From an infrastructure standpoint, there are a number of facility upgrades that can have an immediate impact, such as using HVLS fans to provide cooling breezes and fabric curtain walls to create specific air-conditioned areas or to enclose heat-generating production equipment.

How HVLS fans help control heat

While adding air conditioning is the best-case scenario, it isn’t always practical due to cost considerations and building configurations. With or without air-conditioning, most facilities will benefit immensely from HVLS fans.

Although smaller, floor-mounted fans can be helpful in limited spaces, their high wind speed and noise levels may cause problems. They also use a relatively high amount of electricity. On the other hand, HVLS fans use relatively little energy and provide a gentle, quiet breeze.

According to the U.S. Department of Health and Human Services paper, “Workers in Hot Environments,” a 2 to 3 mph air speed creates an evaporative cooling sensation of 7 to 11 degrees. To put this in perspective, the effective temperature of an 84-degree warehouse environment can be dropped to 73 degrees by adding a fan moving air at 3 mph. This cooling effect can make workers up to 35 percent more productive.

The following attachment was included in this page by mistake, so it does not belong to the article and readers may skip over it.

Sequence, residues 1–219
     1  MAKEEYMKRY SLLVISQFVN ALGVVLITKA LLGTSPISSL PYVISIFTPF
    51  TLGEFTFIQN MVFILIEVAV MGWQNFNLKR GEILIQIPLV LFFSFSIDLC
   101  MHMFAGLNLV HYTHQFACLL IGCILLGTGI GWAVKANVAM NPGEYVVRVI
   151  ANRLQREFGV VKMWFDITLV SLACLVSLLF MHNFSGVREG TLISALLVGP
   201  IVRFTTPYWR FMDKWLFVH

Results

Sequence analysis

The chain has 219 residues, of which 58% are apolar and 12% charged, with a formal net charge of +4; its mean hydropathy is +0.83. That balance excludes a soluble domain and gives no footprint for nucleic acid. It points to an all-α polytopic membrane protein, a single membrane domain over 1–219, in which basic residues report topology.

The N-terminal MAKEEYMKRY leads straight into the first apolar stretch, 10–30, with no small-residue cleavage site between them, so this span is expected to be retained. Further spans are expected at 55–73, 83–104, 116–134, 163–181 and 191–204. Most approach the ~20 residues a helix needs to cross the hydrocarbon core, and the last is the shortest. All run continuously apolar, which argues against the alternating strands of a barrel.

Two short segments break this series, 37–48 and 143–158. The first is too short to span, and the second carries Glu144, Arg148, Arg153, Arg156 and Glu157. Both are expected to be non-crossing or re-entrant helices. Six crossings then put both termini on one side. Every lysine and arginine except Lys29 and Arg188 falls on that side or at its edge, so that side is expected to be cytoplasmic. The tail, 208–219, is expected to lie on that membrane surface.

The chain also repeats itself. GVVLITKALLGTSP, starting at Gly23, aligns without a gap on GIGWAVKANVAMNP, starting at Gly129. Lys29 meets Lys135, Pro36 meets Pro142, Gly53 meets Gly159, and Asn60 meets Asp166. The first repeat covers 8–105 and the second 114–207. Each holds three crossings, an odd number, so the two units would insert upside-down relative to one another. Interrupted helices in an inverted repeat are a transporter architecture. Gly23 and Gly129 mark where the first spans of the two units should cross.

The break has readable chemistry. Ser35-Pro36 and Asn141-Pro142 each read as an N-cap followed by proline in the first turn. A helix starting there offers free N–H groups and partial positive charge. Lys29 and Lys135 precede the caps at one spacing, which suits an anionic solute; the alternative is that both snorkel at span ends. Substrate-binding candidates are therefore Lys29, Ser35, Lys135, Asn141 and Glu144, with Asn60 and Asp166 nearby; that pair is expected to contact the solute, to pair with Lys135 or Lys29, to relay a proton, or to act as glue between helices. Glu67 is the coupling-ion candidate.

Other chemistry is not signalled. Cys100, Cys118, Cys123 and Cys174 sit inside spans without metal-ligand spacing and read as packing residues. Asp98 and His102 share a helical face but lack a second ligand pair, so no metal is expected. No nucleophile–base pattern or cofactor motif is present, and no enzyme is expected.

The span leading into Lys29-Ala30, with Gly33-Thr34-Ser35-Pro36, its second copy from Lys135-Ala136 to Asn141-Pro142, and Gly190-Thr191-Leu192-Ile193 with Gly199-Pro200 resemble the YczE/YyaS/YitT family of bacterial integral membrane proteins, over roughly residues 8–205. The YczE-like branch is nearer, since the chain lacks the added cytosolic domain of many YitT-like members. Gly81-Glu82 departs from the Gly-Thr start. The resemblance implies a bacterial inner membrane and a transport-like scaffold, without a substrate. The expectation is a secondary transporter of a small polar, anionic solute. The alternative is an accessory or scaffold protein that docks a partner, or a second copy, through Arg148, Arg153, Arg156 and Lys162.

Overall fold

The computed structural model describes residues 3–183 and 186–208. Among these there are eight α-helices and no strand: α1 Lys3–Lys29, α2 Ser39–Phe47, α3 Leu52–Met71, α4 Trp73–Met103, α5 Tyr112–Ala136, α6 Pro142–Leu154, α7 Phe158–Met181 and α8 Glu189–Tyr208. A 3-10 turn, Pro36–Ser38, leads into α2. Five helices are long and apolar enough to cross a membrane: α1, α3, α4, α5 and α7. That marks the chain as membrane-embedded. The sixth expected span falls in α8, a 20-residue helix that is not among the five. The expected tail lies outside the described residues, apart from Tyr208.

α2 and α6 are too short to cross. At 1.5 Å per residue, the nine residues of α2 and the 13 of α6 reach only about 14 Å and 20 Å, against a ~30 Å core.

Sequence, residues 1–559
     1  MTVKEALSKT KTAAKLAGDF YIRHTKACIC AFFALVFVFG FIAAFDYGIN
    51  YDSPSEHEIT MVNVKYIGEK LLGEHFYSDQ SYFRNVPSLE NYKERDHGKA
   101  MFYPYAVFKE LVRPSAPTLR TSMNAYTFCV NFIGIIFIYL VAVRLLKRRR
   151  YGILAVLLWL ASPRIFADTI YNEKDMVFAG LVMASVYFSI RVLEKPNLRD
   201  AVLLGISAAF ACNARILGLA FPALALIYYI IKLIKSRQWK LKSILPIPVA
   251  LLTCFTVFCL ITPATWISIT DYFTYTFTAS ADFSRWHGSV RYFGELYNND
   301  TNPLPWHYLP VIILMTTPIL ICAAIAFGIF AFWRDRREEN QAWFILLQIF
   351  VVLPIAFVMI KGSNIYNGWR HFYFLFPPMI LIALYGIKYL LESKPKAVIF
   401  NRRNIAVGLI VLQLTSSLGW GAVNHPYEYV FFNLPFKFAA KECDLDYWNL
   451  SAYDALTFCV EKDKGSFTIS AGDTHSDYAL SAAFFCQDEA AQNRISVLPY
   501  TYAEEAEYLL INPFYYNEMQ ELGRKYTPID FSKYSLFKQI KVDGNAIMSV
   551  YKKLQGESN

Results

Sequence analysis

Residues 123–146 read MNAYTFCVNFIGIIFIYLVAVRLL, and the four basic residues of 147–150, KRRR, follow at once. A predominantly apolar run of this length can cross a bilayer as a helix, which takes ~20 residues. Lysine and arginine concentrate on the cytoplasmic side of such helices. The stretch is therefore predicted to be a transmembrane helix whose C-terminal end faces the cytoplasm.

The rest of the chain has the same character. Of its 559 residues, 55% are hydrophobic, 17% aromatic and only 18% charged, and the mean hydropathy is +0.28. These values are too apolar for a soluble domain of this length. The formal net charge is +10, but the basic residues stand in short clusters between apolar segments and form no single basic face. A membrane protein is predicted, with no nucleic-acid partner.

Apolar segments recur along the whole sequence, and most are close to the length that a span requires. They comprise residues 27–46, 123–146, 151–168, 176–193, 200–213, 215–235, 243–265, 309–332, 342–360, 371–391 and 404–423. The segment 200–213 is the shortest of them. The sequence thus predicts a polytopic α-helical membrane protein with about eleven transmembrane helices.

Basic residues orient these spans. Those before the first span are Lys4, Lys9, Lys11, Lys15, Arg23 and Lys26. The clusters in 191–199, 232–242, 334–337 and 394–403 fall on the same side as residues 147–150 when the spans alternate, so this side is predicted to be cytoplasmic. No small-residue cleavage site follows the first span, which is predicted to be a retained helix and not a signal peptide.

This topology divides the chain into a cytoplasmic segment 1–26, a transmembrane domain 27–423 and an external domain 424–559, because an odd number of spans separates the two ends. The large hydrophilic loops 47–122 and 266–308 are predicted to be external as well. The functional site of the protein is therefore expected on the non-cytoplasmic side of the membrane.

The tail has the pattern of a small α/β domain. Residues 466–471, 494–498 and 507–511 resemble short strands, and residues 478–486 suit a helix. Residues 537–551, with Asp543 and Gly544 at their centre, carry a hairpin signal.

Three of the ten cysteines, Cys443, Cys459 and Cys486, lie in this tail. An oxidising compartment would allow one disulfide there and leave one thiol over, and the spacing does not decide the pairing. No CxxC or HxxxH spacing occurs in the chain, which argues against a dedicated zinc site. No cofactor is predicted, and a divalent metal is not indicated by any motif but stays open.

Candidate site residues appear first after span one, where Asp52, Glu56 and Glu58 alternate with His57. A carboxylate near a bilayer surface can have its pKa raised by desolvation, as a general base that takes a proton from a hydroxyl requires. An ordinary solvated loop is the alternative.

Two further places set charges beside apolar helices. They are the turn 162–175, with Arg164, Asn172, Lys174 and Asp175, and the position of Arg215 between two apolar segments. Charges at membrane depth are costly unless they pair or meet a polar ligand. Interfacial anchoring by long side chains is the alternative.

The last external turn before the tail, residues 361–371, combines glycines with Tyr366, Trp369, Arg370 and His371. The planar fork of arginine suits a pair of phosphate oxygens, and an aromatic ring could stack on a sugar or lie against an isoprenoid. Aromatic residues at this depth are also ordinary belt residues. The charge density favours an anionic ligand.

A technically advanced HVLS fan can move large volumes of air up to 22,000 square feet and replace as many as 10 to 20 floor fans. By mixing air through a process called destratification, HVLS fans also help air-conditioning systems work more efficiently, allowing them to be operated at a set point up to 5 degrees lower.

Keeping cool with curtain walls

Industrial curtain walls are similar to traditional solid walls in that they define and divide spaces, offering different types of environmental control. By separating environments within industrial buildings into smaller areas, walls allow HVAC systems to work more efficiently and help workers stay comfortable and productive.

Because of their construction, curtain walls offer a higher degree of flexibility than traditional walls, and are far less expensive and quicker to construct. Their time, cost and flexibility benefits provide facility managers the freedom to divide and control their interior space as business needs dictate, with changes in space allotments made as necessary – not as can be afforded. In addition to their simple setup, insulated curtain walls can provide up to 40 degrees of temperature separation.

The use of HVLS fans has gained increased attention as a practical and affordable solution to improving air movement, reducing heat stress, and creating better environmental control. Combined with industrial curtain walls, they are rapidly gaining recognition as valuable supplements to help facility designers and engineers control energy costs and improve employee comfort and productivity.

Improving the workplace environment with HVLS fans and curtain walls won’t only make employees more comfortable, it can make them safer and more productive. Before the heat negatively impacts the well-being of workers and directly impacts the bottom line, make a heat stress plan and consider preventative measures.

The information provided is a general reference regarding the use of the applicable products in a specific application. This information is provided without warranty. It is your responsibility to ensure that you are using all mentioned products properly in your specific application and in accordance with all laws and regulations.